The first two full days here in Australia were definitely an adjustment. Kacy and I arrived at the Perth airport around 2pm and we were picked up by Paul, our program director. When we wheeled our bags to the car, Paul chuckled as we both walked to the right side of the vehicle and quickly realized our mistake. He said it usually takes a few weeks for US students to get used to seeing cars drive on the wrong side of the rode and enter on the correct side of the vehicle.
Murdoch University is located about 20-30 minutes away from the city- an easy trip by bus. When we arrived, we were given room keys and shown to our Flat (apartment). We had talked to the people in charge of housing before leaving and arranged to be in the same flat with separate bedrooms. That change hadn’t been made yet, so Kacy was assigned to another flat just a couple of buildings away. Paul insisted that the mix up should be fixed in the morning. Kacy and I decided that we might as well just have a sleepover on our first night at the university, especially since there is no central heating in Australia so my room was about 40 degrees F. We were totally exhausted from the 30+ hours of traveling we had done and had to fight to stay awake until 9pm.
The following morning, we knew we needed to go to the nearest grocery store and buy a few things for our rooms and to have on hand for food. We were up around 4am just hanging out and waiting till around 8am to move Kacy into her real room.(We are STILL adjusting to the 15 hour time difference). After we moved all of Kacy’s things into her room (two doors down from mine), we headed off to meet the other girl in our program, Claire, and start our mile long trek to the grocery store.
Cole’s supermarket is located in a mall-like structure that also includes a K-Mart (definitely nicer than the ones back home) and some clothing stores, local food stores, and liquor store, which is appropriately names “Liquor Land”. We walked through K-Mart first and collected the necessary things like shampoo and conditioner, face wash, toilet paper, sunscreen, and other things that we weren’t able to bring on the plane. Yes, we did spend extra money on warm blankets! There were a small amount of familiar American brands everywhere we went. I was able to get all the toiletries that I am used to in the states, and big brand-name foods (in addition to some Australian things of course).
The stores have a cool system where you can wheel the shopping carts back to the university and drop them off at a cart collection place, just like the ones in the store parking lots at home. Once a week, they get collected and brought back to the store. Claire, Kacy, and I wheeled two carts full of food, drinks, and living supplies all the way back to school. That was definitely a workout after sitting around so much in the previous 48 hours!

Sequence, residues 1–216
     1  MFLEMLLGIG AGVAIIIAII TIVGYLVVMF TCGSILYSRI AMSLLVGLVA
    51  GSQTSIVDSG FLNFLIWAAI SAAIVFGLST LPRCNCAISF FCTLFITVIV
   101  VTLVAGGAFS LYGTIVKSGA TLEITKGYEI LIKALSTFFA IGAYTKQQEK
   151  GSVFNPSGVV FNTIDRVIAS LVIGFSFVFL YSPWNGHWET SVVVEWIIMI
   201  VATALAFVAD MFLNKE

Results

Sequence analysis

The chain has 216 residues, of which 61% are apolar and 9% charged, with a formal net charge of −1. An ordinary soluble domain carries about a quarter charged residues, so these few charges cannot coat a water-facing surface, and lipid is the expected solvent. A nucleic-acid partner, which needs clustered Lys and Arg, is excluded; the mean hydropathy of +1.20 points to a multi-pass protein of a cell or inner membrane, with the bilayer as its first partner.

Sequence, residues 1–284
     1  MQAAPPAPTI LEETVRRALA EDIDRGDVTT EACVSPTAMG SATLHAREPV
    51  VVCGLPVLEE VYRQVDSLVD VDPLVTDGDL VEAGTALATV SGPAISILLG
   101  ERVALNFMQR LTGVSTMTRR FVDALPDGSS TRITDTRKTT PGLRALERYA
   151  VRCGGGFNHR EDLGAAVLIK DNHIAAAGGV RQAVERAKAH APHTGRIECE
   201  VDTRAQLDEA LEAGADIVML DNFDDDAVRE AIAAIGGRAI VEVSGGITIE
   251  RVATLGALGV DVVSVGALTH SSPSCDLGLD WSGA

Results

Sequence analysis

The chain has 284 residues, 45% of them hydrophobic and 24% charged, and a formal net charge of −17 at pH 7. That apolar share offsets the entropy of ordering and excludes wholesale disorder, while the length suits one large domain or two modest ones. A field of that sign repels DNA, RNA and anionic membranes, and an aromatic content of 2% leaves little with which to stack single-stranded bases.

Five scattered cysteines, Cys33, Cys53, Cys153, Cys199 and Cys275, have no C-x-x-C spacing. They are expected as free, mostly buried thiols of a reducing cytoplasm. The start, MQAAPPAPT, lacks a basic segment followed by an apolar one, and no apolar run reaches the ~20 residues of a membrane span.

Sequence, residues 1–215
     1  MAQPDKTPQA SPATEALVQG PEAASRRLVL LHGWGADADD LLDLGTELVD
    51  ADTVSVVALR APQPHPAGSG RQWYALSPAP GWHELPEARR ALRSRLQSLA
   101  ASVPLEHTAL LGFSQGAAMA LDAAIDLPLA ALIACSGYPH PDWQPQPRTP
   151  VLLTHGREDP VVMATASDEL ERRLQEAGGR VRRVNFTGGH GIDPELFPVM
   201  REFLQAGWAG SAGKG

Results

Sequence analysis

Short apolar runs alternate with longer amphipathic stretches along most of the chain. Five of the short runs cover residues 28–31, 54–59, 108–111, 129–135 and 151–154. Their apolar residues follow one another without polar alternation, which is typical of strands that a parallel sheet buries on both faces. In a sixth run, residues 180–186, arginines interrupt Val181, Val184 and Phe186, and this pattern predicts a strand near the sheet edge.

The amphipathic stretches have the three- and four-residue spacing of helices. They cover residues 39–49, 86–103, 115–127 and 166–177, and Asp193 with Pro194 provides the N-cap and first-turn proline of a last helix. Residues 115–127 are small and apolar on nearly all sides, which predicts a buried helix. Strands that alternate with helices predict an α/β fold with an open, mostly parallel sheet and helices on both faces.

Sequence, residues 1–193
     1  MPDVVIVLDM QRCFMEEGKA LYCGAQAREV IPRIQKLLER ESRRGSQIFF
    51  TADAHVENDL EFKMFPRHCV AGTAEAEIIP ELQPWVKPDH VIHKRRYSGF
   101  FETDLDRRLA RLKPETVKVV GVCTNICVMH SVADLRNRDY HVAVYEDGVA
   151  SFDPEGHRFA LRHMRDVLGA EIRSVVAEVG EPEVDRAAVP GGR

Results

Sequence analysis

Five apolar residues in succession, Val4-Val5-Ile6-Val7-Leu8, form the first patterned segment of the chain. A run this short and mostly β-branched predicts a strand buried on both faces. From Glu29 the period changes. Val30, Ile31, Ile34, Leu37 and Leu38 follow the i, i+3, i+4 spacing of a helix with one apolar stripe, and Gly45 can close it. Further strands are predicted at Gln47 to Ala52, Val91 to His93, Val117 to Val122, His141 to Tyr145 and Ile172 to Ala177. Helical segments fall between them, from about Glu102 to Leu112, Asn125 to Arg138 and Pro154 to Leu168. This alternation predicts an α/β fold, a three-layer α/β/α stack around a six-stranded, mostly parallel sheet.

It was an Open Campus day at school, so we met up again and checked it out. There were games and booths all around with information about the different majors, clubs, and activities offered. We wandered around for a while and ended up at the School of Veterinary Medicine on campus! They had a bunch of different small exotic animals out for people to look at while they learned about the programs offered. In Australia, you can get your DVM degree in two years, because they run it on trimesters that only have three, two week breaks during the year. After that you can specialize in the field, and Murdoch University is known for their Conservation and Wildlife Medicine degree! The lady I was talking to about the program introduced me to the head instructor of that specialization! The things she talked about were amazing. The program here is extensive, but I’ve never heard of a veterinary specialization that interested me so much. I will definitely be researching veterinary studies like that in the states. We met up with Nicole, another girl in our program and she introduced us to her flat-mates and their friends. We all went to their flat and hung out for a while, then went to the movie room and watched Wolf Creek 2.
DO NOT watch Wolf Creek if you’re planning on going to Australia! It’s based on a true story, and is pretty much the Aussie version of “Saw”!!!
This morning we woke up and met our CIEE study abroad group at our directors office, learned more about our program, and then he drove us into the nearby coast town of Freemantle (“Freo” as the Australians call it). On the way we stopped and checked out the river that separates Perth and is a historical aboriginal spot. The first place we went to in Freemantle was this place called “The Round House”, which, built in 1831, is the oldest standing building in Western Australia (used as a jail).
The Round House is where the photo at the top of the page was taken.
In Freo, we got Australian SIM cards for our phones and Paul, the director, then left us to explore the city. We saw some shops, ate some great fish and chips, then took the bus back to Murdoch Uni. After relaxing for a bit, the other CIEE students and I attended a dinner/game night/introduction event for International Students on campus. It’s still strange to think of myself as an international student, but it’s also humbling and interesting to be on this side of things. I met a couple of girls from Singapore and a girl from Whales. We chatted for a while about the similarities and differences of our countries, and bonded over this new Australian experience.
Tomorrow Paul is driving the six of our CIEE students about five hours south of here to a town called Denmark. We will be hiking, swimming in the ocean, and bonding. I’m excited for our first program trip, but also pretty nervous! I will definitely be bringing my go pro (not losing it… I hope.) and posting pictures and another blog post when we return. I can’t wait to share it with you all!